Brexit deal: What the UK and EU are yet to agree on

Greg Heffer, political reporter

Theresa May has told MPs "95%" of the UK's divorce deal with the EU has been agreed.

The prime minister has hailed the progress in negotiations despite a final agreement with Brussels still eluding her.

Time is running out for an emergency EU summit to be held this month for the bloc's leaders to approve an agreement.

This has prompted reports the UK will soon need to enact "no-deal" Brexit preparations.

So, what remains to be negotiated?

:: IRISH BORDER BACKSTOP

Even at this late stage in the negotiating process, the issue of the Irish border continues to act as a blockage.

Both the UK and the EU are committed to the idea of a backstop solution to prevent a hard border on the island of Ireland, should a future UK-EU trade relationship not avert this.

But, both sides remain at loggerheads over their competing backstop proposals.

Mrs May is adamant Northern Ireland should not in any way be split off from the rest of the UK after Brexit, as Brussels has suggested; while the EU are resisting Britain's demand for any backstop solution to be time limited.

Both sides are negotiating on a UK-wide backstop arrangement, which would see the whole UK remain in an effective customs union with the EU.

However, a leaked letter from the prime minister revealed Brussels are still pushing for a Northern Ireland-only solution as a "backstop to the backstop".

Pressure has also come on Mrs May to negotiate an ability for the UK to unilaterally withdraw from a backstop arrangement.

The Republic of Ireland has rejected this, but has said it is open to a review mechanism being written into a backstop deal.

:: THE FUTURE RELATIONSHIP

Mrs May's claim that 95% of the Brexit deal is complete only applies to the UK's withdrawal agreement, with the EU having yet to show any sign of dropping their resistance to the prime minister's Chequers plan for the future UK-EU relationship.

Despite the prime minister hailing "important progress made on issues like security, transport and services", Brussels has previously told Mrs May her plans for an economic partnership based on a "common rulebook" and a "combined customs territory" will not work.

Alongside the withdrawal agreement, the prime minister will present MPs with a political declaration on a future relationship.

Labour have warned they will vote against a "blind" Brexit, in which the terms of the new relationship are vague and left for continuing negotiations during the Brexit transition period, scheduled to last until the end of 2020.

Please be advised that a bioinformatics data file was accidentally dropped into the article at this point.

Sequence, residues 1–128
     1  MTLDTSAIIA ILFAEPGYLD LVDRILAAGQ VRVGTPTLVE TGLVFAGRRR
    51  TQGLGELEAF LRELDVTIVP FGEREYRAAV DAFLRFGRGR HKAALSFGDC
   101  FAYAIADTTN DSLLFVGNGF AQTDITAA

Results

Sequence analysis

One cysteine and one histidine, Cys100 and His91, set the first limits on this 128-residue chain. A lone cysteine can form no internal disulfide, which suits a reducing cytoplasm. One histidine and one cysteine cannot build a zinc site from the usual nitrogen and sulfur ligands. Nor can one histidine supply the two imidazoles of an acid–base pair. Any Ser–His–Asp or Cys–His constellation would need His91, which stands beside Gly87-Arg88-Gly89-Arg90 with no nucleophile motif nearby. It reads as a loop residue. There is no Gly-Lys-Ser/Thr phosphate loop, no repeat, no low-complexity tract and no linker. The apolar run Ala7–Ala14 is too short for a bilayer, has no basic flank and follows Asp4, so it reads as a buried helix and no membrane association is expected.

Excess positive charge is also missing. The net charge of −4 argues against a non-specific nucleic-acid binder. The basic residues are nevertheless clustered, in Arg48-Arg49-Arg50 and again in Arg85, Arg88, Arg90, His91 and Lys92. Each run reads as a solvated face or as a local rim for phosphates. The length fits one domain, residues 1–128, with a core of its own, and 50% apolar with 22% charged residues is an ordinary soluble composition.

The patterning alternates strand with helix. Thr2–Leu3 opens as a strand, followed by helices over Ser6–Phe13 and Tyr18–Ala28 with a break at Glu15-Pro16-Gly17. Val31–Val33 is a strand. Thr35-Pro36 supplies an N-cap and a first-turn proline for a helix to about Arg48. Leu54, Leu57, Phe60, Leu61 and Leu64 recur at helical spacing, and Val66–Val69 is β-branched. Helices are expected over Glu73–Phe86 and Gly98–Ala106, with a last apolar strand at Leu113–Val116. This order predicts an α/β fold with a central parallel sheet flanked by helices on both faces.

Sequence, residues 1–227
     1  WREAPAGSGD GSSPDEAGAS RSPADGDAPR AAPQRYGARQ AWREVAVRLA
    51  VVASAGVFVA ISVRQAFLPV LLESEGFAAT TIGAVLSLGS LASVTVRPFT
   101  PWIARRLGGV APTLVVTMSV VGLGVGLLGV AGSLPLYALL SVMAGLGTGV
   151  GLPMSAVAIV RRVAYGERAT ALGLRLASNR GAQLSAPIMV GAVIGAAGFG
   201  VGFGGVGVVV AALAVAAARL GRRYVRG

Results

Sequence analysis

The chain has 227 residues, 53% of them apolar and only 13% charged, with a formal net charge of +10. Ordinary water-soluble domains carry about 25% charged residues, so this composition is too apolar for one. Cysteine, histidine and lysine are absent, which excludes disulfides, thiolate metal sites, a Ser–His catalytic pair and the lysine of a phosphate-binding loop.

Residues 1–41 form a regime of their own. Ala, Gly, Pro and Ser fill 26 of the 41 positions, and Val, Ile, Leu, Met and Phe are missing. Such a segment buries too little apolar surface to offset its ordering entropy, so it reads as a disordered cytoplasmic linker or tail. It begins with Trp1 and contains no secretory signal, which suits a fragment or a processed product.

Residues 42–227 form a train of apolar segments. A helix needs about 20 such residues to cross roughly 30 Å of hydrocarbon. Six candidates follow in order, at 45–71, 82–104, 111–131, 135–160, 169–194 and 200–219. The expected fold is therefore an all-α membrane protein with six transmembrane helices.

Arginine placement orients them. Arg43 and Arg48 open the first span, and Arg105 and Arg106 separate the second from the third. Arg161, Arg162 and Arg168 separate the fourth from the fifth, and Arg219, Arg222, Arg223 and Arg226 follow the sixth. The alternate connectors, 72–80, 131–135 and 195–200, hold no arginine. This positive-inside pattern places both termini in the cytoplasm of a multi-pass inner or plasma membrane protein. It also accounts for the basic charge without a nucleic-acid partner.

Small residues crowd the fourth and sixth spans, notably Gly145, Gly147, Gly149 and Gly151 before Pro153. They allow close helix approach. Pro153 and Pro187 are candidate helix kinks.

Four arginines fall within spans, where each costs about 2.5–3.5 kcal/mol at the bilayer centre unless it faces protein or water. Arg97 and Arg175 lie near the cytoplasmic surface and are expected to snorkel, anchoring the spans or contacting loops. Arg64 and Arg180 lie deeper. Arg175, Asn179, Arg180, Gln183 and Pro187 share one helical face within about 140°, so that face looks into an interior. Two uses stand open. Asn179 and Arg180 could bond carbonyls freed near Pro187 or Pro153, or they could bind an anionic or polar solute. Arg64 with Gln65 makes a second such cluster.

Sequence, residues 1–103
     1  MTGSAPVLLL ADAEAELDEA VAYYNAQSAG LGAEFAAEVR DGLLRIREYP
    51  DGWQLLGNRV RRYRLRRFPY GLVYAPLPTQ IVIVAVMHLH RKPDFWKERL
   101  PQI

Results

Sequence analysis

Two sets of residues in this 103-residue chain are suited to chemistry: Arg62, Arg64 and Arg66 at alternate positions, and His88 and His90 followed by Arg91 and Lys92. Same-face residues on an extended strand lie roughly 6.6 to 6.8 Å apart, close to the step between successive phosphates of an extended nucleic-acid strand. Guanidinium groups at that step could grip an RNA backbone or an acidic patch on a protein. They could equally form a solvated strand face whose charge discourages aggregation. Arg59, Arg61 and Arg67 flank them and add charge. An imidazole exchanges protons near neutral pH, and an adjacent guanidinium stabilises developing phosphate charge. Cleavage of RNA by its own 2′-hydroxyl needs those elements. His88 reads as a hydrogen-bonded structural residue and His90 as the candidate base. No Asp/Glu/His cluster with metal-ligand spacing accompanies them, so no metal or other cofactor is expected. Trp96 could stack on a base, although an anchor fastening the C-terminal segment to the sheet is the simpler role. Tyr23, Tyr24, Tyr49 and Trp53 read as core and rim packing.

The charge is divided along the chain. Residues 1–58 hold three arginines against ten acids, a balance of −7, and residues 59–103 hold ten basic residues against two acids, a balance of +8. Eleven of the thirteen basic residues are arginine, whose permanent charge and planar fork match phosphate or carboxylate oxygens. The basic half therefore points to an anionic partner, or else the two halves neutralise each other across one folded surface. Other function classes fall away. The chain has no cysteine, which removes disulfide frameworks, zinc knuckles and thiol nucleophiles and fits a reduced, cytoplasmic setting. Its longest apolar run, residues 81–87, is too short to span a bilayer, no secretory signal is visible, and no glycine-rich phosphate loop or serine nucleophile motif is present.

Pro-Remain MP Chris Leslie, who wants a second Brexit referendum, believes the prime minister's suggestion a Brexit deal is 95% complete is "utter misrepresentation" and "designed to make you think Brexit is nearly over".

The former Labour minister added a withdrawal agreement is "merely clearing of the throat" before "arduous" trade deal negotiations lasting, Mr Leslie suggested, more than a further five years.

And, what has already been settled?

:: CITIZENS' RIGHTS

In a draft of the UK's withdrawal agreement published in March, the issue of the rights of EU citizens living in Britain and UK citizens living in the EU was said to have been finalised.

Mrs May has since guaranteed the rights of EU citizens in the UK even in the event of a "no-deal" Brexit.

:: DIVORCE BILL

In the March draft agreement, the UK's financial settlement was also marked in green to imply it has been settled.

The Treasury estimates Britain's divorce bill will cost between £35bn and £39bn.

However, the prime minister has suggested she could reconsider handing over the cash if there is no overall deal with the EU.

:: TRANSITION PERIOD

The so-called "implementation period" - otherwise known as the Brexit transition period - was also marked in green back in March.

It has been agreed the UK will maintain the status quo of EU membership between the date of Brexit on 29 March next year, and 31 December 2020.

The government argues this will mean businesses will only need to make one set of changes required by Brexit, as new trade relationships are negotiated and put into place.

Mrs May has since opened the possibility of the transition period being extended beyond 21 months as she struggles to solve the Irish border issue.

:: GIBRALTAR

The UK and Spain have "developed a protocol and a set of underlying memoranda relating to Gibraltar, heralding a new era in our relations", according to the prime minister.

The issue of Gibraltar's sovereignty, which has long been disputed by Spain, had been expected to be a key flashpoint in Brexit talks.

Soon after the Leave vote in 2016, then Spanish foreign minister Jose Manuel Garcia-Margallo claimed Brexit "opens up new possibilities" for Spain to take control of Gibraltar, adding: "The Spanish flag on 'the Rock' is much closer than before".

However, the status of Gibraltar after Brexit appears to have been settled without further tensions between London and Madrid.

:: CYPRUS

The UK and EU have agreed a protocol relating to two British military bases in Cyprus.

They have remained on the Mediterranean island since Cyprus's independence from Britain.

But, remember...

:: NOTHING IS AGREED UNTIL EVERYTHING IS AGREED

A mantra often quoted in EU negotiations portrays how any one part of the withdrawal deal unravelling could lead to a whole agreement falling apart.